News release

Agreements with Universities Prioritize Student Needs, Government Priorities

Advanced Education
Minister Brian Wong speaks to a group of students

Advanced Education Minister Brian Wong, bottom centre, speaks to students at Saint Mary’s University after a government announcement in March 2023. (Communications Nova Scotia / File)

New one-year funding agreements with the province’s 10 universities will cap tuition increases and spur more action on student housing.

The bilateral agreements for 2024-25 also tie a portion of funding to performance targets. They will replace the current memorandum of understanding (MoU) with universities when it expires March 31.

“We have an incredible opportunity to remain a top education destination and position the university sector for the bold vision we have for our province,” said Brian Wong, Minister of Advanced Education. “These agreements take a student-centred approach and recognize the unique differences of each university. We have built in several accountability measures tied to student housing, healthcare training and planning for a more sustainable and successful future.”

The 2024-25 agreements include:

  • a two per cent cap on tuition increases for all Nova Scotian undergraduate students, compared with the three per cent cap under the previous agreement
  • a requirement to fill health program seats to an average enrolment rate of at least 97 per cent
  • a requirement for institutions to develop international student sustainability plans outlining how these students will be recruited, housed and connected to the labour market
  • a requirement for universities in Halifax Regional Municipality and Cape Breton Regional Municipality (areas where student housing needs are highest) to begin to increase student housing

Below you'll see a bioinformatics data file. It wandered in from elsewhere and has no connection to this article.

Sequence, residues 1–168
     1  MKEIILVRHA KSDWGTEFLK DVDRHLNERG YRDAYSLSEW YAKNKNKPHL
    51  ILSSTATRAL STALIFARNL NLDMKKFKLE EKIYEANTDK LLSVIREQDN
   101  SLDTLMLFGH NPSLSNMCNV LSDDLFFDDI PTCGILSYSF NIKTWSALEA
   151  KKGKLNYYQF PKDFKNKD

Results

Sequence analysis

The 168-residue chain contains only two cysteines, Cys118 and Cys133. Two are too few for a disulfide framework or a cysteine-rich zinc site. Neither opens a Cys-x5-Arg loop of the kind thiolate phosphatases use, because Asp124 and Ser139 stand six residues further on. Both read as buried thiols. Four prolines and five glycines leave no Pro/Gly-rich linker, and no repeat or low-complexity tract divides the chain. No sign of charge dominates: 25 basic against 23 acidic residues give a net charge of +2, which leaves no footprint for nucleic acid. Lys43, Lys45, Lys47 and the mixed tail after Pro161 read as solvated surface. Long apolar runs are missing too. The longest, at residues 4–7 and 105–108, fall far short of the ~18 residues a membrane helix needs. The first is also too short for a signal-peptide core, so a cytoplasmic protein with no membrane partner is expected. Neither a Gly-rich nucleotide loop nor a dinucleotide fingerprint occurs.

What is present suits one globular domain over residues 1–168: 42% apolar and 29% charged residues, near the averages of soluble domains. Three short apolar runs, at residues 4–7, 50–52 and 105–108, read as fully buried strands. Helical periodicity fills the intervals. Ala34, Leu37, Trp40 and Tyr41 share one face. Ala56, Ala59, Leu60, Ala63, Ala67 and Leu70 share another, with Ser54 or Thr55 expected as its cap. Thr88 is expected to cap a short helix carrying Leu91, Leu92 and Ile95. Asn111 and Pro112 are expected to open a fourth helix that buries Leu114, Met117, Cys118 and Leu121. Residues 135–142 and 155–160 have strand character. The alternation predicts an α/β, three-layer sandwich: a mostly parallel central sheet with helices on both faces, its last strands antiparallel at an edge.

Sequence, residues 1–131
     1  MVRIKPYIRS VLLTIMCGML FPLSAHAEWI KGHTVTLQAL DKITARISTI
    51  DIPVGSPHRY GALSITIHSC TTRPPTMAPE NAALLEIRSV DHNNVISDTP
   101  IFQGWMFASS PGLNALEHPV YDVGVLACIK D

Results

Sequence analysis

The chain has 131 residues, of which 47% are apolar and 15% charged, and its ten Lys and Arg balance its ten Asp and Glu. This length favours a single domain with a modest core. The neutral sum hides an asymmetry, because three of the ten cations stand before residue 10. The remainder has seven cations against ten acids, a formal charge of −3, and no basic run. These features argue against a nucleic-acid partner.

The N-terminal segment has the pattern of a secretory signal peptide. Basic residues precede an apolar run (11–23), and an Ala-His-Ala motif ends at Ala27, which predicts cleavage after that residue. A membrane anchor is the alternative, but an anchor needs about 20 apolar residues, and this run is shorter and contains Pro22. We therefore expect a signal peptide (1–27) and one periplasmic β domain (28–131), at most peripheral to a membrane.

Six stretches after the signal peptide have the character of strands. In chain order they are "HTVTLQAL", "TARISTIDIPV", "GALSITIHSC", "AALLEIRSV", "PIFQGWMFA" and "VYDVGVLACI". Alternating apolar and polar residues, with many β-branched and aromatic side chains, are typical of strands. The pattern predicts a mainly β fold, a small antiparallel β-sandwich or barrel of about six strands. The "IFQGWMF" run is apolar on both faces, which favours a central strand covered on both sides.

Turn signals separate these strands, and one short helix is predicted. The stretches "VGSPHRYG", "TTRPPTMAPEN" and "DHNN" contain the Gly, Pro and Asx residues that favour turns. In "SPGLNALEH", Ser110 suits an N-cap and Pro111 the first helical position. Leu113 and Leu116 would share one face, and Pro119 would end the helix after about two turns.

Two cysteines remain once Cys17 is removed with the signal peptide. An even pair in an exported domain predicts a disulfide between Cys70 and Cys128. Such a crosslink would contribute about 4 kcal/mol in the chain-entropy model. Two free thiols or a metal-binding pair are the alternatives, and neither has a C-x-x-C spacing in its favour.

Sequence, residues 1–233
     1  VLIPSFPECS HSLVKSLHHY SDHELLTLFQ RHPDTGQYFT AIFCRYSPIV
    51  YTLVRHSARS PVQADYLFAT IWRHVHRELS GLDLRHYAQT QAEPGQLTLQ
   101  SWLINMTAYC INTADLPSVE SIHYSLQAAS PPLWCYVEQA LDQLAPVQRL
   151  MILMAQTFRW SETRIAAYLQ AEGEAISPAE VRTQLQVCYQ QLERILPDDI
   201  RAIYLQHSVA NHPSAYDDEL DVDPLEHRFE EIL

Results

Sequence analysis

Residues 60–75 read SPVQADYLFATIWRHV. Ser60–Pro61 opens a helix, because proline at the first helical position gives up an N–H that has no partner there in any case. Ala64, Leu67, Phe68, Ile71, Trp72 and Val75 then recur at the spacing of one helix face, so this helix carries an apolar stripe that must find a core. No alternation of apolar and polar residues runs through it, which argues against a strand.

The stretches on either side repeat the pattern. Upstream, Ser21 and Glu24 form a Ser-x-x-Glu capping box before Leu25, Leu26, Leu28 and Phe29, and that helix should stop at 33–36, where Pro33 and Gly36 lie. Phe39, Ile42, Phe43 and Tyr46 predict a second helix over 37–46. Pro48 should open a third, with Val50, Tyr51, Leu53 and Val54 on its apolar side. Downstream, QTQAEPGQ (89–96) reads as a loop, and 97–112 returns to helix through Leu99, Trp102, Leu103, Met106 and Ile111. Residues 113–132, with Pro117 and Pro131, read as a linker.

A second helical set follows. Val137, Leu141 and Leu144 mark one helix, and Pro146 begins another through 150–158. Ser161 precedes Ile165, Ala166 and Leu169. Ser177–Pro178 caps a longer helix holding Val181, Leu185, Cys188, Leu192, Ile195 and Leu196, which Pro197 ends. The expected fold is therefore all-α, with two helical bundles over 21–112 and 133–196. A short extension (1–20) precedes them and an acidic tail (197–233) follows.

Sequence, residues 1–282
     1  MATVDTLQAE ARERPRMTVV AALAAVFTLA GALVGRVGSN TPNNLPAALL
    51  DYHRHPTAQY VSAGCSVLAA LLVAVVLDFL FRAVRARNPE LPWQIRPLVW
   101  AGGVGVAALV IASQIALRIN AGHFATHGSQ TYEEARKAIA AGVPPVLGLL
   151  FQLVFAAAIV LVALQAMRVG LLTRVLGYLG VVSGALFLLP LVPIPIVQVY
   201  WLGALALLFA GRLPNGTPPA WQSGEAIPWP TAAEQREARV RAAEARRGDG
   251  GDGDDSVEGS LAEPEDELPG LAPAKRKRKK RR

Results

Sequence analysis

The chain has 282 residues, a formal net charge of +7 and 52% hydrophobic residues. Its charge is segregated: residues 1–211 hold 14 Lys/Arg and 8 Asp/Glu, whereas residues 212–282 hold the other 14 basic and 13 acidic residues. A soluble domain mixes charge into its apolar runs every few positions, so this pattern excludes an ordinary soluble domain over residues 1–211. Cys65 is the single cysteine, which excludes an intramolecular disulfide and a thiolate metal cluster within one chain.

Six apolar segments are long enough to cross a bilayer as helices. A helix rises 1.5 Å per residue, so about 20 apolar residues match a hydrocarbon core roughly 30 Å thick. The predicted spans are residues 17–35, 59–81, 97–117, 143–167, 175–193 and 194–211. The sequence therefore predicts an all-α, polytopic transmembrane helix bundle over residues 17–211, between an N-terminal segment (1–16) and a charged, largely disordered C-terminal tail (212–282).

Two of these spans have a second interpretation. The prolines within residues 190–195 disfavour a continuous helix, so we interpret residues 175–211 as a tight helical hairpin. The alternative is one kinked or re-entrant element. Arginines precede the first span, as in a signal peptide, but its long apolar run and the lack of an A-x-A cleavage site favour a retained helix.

• a requirement for institutions to work together to develop an inter-university plan to reduce administrative expenses by a minimum of five per cent
  • a minimum tuition increase of nine per cent for first-year international undergraduate student tuition (except for Dalhousie University and the University of King’s College, because of an increase in the previous year).

The agreements also provide a two per cent increase in annual operating grants for most universities, up from one per cent in the expiring MoU signed in 2019. Dalhousie’s grant will be the same as in 2023-24.

Some of the operating grant will be held back until universities achieve specific targets within their agreements.

Each university is also expected to develop proposals for 2025 to 2028 that outline how they will advance government priorities such as healthcare, housing and supporting labour market needs. This work will inform longer-term agreements between the Province and universities to be finalized in the coming year.

Quick Facts:

  • universities received $461.4 million from the government in 2023-24
  • additional operating funding for the one-year agreements is estimated to be $3.6 million
  • the agreements will continue to provide a special purpose fund of more than $1 million to support sexual violence prevention and e-mental health tools
  • the $1,283 Nova Scotia University Student Bursary will continue to be available to Nova Scotian students (based on a full-time course load)
  • in 2022-23, Nova Scotia universities had a total of 12,212 international students (25 per cent of total university enrolment)

NOTE: In Quick Facts, the amount of additional operating funding and the students eligible for the Nova Scotia University Student Bursary were corrected February 2, 2024.

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